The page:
State of marijuana: Pre-legalization convictions plague Alaska residents, but a new bill could offer relief
ANCHORAGE, Alaska (KTUU) - It was the smell of the marijuana growing inside the garage that tipped off neighbors about the 33 marijuana plants being grown inside a small white house in a neighborhood in Wasilla.
“I’m not some big time kind of a drug dealing operation or something, I’m just a stoner. I smoke a lot.”
Alaska’s News Source is not identifying the man who was arrested in the drug bust because of his concerns about his career. For clarity, he is being called Tom.
He said the raid happened in 2014, before marijuana was legalized in Alaska. Like many others arrested for crimes related to cannabis before it legalized, Tom is faced with the lasting impacts of that arrest as he moves forward in life. As states with legalized marijuana grapple with how to reconcile their criminal justice systems’ previous treatment of cannabis with the drug’s present-day reality, one Alaska legislator has introduced a bill that would make marijuana-related convictions from before legalization confidential.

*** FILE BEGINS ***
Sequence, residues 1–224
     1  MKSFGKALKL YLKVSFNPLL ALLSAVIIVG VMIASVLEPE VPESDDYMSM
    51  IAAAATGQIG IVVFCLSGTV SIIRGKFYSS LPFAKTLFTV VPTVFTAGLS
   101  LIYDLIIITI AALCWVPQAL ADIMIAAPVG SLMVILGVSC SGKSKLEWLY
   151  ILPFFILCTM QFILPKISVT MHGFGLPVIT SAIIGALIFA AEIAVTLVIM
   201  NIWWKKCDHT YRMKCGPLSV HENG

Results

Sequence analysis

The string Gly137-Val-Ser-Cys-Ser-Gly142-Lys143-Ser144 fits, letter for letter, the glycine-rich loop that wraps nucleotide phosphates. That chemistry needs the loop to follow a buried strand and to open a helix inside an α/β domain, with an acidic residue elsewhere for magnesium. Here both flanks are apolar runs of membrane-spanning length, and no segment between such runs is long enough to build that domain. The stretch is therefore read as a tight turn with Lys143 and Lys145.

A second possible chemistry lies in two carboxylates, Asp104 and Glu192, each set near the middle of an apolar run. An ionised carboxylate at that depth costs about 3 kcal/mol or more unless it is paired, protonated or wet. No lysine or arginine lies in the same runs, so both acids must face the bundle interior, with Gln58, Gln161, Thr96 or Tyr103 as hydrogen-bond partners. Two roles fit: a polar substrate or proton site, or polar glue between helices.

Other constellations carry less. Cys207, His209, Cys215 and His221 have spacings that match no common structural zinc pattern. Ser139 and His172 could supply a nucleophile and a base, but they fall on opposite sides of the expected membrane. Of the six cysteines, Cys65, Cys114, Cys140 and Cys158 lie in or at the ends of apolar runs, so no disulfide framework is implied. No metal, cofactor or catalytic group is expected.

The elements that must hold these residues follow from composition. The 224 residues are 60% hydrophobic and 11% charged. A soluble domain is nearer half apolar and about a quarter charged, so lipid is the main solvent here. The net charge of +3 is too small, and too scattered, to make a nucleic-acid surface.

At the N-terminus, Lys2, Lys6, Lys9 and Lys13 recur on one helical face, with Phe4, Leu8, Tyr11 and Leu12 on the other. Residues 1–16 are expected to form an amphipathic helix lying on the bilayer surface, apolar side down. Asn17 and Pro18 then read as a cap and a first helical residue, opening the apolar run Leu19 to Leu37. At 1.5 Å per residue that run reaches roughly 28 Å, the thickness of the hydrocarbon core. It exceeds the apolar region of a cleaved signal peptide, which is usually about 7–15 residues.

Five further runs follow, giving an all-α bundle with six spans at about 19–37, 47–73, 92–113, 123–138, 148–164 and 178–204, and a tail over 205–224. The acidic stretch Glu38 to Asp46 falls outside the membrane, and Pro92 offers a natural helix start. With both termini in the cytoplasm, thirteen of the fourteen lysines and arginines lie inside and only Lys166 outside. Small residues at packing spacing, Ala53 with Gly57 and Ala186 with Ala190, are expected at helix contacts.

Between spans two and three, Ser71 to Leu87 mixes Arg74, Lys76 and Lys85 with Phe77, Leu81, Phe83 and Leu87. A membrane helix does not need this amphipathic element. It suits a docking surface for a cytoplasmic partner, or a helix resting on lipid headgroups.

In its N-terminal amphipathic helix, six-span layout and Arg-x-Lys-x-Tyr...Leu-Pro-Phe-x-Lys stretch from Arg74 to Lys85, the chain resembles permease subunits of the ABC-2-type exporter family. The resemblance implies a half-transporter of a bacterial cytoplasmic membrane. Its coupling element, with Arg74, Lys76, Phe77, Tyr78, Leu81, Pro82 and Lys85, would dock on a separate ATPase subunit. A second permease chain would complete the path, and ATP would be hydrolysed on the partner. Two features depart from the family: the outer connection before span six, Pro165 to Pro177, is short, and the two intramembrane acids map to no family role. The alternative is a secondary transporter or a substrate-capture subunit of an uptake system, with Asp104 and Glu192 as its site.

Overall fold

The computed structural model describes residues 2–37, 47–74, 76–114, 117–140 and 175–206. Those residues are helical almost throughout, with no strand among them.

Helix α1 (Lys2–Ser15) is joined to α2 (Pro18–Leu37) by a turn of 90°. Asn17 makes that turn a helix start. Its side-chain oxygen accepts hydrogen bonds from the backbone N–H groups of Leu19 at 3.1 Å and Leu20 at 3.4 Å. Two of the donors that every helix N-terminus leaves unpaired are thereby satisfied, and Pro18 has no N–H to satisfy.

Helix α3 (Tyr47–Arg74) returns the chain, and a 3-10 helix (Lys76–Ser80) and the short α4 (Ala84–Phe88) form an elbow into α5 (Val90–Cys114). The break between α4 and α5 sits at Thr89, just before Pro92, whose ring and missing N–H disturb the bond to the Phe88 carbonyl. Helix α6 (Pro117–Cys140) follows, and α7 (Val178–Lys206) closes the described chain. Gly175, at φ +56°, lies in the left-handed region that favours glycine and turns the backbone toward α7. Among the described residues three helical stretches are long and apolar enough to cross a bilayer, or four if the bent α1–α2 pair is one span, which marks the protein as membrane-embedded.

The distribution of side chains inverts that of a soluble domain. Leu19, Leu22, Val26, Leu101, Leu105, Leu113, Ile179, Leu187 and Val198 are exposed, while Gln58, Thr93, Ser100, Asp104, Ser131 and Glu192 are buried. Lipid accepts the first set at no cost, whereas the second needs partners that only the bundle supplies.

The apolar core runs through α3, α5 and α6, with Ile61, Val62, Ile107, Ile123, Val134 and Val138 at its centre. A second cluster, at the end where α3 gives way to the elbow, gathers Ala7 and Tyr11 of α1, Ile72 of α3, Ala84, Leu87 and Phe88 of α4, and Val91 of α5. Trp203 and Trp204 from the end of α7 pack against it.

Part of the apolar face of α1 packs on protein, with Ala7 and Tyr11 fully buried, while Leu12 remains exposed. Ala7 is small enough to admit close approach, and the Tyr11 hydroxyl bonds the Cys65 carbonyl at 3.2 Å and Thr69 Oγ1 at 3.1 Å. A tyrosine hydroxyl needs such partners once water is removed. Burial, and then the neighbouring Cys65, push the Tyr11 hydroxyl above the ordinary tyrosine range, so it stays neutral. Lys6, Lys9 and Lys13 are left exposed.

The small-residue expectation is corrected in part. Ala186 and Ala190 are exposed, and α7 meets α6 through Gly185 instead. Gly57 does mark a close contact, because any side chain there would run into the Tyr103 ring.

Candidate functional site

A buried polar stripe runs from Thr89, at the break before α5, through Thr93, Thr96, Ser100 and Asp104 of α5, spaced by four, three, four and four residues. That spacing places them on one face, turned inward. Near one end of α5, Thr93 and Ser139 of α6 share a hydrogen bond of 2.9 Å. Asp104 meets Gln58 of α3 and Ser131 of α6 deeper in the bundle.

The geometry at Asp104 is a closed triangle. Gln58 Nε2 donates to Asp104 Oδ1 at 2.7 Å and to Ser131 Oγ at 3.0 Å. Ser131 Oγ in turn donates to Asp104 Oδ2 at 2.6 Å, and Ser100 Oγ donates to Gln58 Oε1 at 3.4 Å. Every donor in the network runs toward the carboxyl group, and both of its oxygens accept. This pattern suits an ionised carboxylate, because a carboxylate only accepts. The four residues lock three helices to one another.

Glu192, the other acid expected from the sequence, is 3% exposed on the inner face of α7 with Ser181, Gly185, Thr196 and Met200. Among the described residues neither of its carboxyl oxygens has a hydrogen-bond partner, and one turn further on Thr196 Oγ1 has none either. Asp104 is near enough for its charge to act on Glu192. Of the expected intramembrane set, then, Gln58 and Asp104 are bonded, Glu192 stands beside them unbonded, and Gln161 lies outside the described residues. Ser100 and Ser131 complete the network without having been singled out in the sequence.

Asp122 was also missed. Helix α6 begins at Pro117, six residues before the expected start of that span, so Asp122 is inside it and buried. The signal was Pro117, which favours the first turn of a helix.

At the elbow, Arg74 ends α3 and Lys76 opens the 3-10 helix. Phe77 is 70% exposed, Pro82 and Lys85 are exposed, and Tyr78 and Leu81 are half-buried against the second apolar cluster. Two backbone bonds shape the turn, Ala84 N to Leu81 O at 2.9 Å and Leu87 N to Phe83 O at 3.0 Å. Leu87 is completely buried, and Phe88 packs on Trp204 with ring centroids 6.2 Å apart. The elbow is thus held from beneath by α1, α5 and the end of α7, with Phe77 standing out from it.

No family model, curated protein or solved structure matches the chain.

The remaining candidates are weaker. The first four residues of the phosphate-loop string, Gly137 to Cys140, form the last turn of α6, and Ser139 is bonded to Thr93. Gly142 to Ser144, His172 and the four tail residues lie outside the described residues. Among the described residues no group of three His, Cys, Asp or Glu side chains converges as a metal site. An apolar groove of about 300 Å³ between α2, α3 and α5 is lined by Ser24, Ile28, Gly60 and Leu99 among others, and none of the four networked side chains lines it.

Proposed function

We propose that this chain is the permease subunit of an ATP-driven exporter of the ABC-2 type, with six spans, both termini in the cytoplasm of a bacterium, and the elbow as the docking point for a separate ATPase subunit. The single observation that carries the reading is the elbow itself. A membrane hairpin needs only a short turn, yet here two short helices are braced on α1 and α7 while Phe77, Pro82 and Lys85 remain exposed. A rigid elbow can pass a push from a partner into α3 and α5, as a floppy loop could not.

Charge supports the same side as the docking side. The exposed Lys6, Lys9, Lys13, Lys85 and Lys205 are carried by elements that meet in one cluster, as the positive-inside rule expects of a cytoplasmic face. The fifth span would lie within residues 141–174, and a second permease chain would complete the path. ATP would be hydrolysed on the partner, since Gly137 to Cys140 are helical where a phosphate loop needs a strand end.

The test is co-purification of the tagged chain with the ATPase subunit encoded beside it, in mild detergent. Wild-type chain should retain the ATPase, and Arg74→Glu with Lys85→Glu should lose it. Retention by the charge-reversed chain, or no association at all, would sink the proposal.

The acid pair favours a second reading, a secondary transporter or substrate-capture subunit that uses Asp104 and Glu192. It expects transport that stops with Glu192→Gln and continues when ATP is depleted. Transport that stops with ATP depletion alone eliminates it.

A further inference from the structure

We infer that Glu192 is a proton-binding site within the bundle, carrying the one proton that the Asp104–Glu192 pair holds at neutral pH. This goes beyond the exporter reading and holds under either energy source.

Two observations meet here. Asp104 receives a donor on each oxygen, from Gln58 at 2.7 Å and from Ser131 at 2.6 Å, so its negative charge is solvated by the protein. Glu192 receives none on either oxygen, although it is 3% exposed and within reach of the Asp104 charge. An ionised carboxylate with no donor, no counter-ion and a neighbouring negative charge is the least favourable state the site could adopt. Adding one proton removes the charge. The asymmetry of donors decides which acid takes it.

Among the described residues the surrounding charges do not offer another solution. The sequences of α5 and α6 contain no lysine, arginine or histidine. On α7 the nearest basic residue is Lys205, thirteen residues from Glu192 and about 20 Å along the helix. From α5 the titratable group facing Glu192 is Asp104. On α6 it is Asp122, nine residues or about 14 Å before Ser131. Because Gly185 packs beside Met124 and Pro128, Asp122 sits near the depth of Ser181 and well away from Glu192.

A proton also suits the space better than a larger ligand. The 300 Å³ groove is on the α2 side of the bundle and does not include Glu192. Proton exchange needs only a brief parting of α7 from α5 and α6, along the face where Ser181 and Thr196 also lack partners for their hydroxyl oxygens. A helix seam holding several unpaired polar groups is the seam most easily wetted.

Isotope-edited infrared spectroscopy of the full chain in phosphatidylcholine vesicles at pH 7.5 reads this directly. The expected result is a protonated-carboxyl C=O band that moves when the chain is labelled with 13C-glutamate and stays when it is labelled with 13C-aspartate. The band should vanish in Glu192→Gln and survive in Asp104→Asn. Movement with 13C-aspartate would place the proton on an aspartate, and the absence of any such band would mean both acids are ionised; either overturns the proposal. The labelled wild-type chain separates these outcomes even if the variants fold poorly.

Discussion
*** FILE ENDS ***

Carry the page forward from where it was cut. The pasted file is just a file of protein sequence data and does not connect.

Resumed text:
It started when, Tom says, police came “busting down” the doors.
“They had their guns drawn ... screaming expletives and saying, ‘you better open that door right now,’” Tom said.
He said that for the next three years, costing about $60,000, he fought the charges. Ultimately he pleaded down to three charges and served almost five months in prison.
“There’s people in prison for life, to this day, that were selling marijuana. I mean that was it, and that’s wrong,” Tom said. “Marijuana shouldn’t have been illegal in the first place.”